Feeds:
Posts
Comments

Archive for the ‘Discovery’ Category

Reginald Marsh, Wonderland Circus, Sideshow Coney Island, 1930, The John and Mable Ringling Museum of Art, the State Art Museum of Florida, a division of Florida State University. © 2008 Estate of Reginald Marsh / Art Students League, New York / Artists Rights Society (ARS), New York

Reginald Marsh, Wonderland Circus, Sideshow Coney Island, 1930, The John and Mable Ringling Museum of Art, the State Art Museum of Florida, a division of Florida State University. © 2008 Estate of Reginald Marsh / Art Students League, New York / Artists Rights Society (ARS), New York

When the weather starts getting unbearable New Yorkers—Artstor staff included—flock to the boardwalks of Brooklyn’s Coney Island or Rockaway Beach in Queens.

This ritual is nothing new and was, in fact, one of the pet subjects of Reginald Marsh (1898 –1954), an American artist famous for his paintings of New York City in the ’20s and ’30s. His city scenes are remarkable for their palpable sense of movement—bodies walk or loiter on street corners, crowds swell as New York’s lights pulsate and glow in the background.

That Marsh’s canvases seem to vibrate is due not only to his staccato brush strokes and bright, reflective colors, but also to his choice of subject matter. Rather than portray New York City’s elite, Marsh turned to everyday people and entertainments. Favorite subjects included burlesque and Vaudeville performers, pedestrians and, yes, public beaches. (more…)

Read Full Post »

“It’s in the reach of my arms, / The span of my hips, / The stride of my step, / The curl of my lips. / I’m a woman/ Phenomenally. / Phenomenal woman, / That’s me.”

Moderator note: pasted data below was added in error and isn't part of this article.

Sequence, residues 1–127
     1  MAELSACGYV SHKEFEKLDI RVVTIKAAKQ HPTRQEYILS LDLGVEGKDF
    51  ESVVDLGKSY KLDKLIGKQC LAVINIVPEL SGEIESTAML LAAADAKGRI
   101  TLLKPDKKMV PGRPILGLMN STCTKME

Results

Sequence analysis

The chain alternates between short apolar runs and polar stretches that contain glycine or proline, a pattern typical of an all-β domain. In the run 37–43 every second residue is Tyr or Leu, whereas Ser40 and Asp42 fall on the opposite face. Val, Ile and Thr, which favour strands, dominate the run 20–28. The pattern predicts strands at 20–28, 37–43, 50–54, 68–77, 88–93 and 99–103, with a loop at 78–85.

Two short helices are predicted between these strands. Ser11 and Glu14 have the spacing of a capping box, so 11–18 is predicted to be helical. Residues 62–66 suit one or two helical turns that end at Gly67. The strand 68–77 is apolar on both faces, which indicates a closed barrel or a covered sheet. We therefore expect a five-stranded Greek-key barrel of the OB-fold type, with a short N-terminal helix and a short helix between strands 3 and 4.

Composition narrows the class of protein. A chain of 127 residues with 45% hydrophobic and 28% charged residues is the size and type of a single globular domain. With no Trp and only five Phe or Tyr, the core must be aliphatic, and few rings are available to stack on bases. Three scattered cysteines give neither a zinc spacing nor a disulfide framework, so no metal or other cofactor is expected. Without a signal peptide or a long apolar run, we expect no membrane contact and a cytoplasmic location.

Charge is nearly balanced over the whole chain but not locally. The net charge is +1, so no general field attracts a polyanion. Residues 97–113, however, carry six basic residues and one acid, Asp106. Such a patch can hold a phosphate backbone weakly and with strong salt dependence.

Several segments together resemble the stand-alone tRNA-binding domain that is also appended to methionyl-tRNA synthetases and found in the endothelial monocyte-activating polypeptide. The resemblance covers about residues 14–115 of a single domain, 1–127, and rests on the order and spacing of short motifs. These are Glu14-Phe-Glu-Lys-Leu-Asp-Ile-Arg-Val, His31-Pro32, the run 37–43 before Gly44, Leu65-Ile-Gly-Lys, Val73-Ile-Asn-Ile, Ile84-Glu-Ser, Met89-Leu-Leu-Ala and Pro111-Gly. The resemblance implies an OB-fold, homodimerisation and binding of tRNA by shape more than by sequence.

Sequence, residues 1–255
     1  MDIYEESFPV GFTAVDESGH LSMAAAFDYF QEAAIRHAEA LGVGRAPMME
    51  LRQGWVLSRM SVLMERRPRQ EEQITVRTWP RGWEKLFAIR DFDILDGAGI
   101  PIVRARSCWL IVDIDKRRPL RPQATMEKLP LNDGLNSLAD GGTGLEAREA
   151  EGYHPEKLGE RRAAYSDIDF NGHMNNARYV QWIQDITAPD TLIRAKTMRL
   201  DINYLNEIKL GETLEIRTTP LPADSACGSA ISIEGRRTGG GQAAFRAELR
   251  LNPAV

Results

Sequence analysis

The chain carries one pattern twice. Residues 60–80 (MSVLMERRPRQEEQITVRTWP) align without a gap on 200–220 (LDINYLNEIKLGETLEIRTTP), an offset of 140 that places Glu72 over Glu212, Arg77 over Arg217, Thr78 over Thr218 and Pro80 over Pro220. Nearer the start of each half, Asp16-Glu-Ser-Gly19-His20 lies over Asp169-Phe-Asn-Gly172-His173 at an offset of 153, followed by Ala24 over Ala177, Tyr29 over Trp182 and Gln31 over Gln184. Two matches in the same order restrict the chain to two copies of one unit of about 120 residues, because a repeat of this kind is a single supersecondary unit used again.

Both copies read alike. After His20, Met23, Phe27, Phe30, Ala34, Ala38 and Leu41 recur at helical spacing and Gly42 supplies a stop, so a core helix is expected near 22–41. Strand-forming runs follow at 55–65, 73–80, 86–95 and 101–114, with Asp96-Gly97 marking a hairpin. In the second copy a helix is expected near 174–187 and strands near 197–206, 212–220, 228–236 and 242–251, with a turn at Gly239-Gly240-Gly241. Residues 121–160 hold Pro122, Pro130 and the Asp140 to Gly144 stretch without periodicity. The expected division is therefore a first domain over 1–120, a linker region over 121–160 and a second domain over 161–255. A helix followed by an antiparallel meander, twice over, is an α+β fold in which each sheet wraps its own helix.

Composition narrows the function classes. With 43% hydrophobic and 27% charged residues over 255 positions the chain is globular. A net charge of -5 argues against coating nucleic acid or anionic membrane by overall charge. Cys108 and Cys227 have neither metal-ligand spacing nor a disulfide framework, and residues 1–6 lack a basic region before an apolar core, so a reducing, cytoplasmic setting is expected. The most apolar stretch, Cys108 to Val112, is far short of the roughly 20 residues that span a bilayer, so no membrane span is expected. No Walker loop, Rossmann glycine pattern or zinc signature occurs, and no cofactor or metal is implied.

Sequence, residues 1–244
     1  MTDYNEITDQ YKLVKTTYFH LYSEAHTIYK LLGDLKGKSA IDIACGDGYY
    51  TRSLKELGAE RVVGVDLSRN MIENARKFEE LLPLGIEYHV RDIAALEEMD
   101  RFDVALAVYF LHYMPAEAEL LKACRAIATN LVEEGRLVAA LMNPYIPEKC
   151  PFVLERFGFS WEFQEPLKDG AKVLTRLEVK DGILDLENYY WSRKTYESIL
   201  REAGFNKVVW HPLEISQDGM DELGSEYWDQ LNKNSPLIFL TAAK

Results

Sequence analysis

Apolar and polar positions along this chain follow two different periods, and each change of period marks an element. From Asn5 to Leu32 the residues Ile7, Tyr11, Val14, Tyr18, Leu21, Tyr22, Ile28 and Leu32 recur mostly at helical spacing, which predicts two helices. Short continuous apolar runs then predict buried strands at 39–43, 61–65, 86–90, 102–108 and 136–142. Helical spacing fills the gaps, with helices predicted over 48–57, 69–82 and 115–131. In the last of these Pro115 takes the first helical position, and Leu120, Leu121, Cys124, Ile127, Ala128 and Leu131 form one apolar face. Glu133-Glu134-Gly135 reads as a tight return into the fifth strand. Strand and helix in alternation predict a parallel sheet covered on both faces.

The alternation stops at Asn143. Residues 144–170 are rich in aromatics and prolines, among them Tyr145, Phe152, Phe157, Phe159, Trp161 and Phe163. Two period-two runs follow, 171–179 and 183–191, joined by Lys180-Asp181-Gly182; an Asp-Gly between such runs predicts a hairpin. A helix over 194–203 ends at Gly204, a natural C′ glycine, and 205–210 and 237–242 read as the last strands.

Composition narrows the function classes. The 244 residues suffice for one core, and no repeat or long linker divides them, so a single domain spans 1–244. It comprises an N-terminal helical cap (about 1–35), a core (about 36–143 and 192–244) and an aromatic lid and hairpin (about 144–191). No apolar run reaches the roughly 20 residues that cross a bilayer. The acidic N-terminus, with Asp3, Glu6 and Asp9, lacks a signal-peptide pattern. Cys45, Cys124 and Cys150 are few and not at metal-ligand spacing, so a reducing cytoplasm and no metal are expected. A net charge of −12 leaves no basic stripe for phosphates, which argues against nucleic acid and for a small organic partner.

- Maya Angelou

Mickalene Thomas, Don't Forget About Me (Keri), 2009, exhibited at Lehmann Maupin, Spring 2009. Image and original data provided by Larry Qualls, © 2012 Artists Rights Society (ARS), New York / BILDKUNST, Bonn

Mickalene Thomas, Don’t Forget About Me (Keri), 2009, exhibited at Lehmann Maupin, Spring 2009. Image and original data provided by Larry Qualls, © 2012 Artists Rights Society (ARS), New York / BILDKUNST, Bonn

Women have long been used as inspiration for art. They have served as muses to both eastern and western culture, and our bodies have been used to represent the power and beauty of nature.

Yet the images of the female body that we see on a daily basis are often passive and hyper-sexualized. Women’s bodies are the go-to sales tactic in popular media and advertising. Yes, you might say, sex sells, but nothings sells as much as our sex sells. Women’s bodies sell beer, cars, perfume, burgers, chewing gum, and even animals rights (yes, you read that correctly – look up PETA’s campaigns) — and of course, the object that all of the women in these advertisements are ultimately selling is themselves.

(more…)

Read Full Post »

Giotto | Saint Francis Preaching to the Birds, predella of Saint Francis of Assisi Receiving the Stigmatta | c. 1295-1300 | Musée du Louvre | Image and original data provided by Réunion des Musées Nationaux / Art Resource, N.Y. ; artres.com

Giotto | Saint Francis Preaching to the Birds, predella of Saint Francis of Assisi Receiving the Stigmatta | c. 1295-1300 | Musée du Louvre | Image and original data provided by Réunion des Musées Nationaux / Art Resource, N.Y. ; artres.com

October 4 is generally recognized as the feast day of St. Francis of Assisi, patron of the animals, steward of nature, and author of the Canticle of the Creatures.  In a divinely ordained cosmos, Francis considered all elements – sun, moon, and stars, water and fire, and the animals – our sisters and brothers, and he is often depicted and described preaching to the birds, as in Giotto’s panel shown here, 1295-1300.  The cathedral of St. John the Divine in New York famously marks his feast day with the blessing of the animals (this year the closest Sunday falls on Oct. 6).  Thousands of creatures, from tortoises to camels, process though the nave, gather in the yard, and are blessed by clergy.  This scene is replayed throughout churches around the globe, a celebration of the beasts that surround us and enhance our lives.

(more…)

Read Full Post »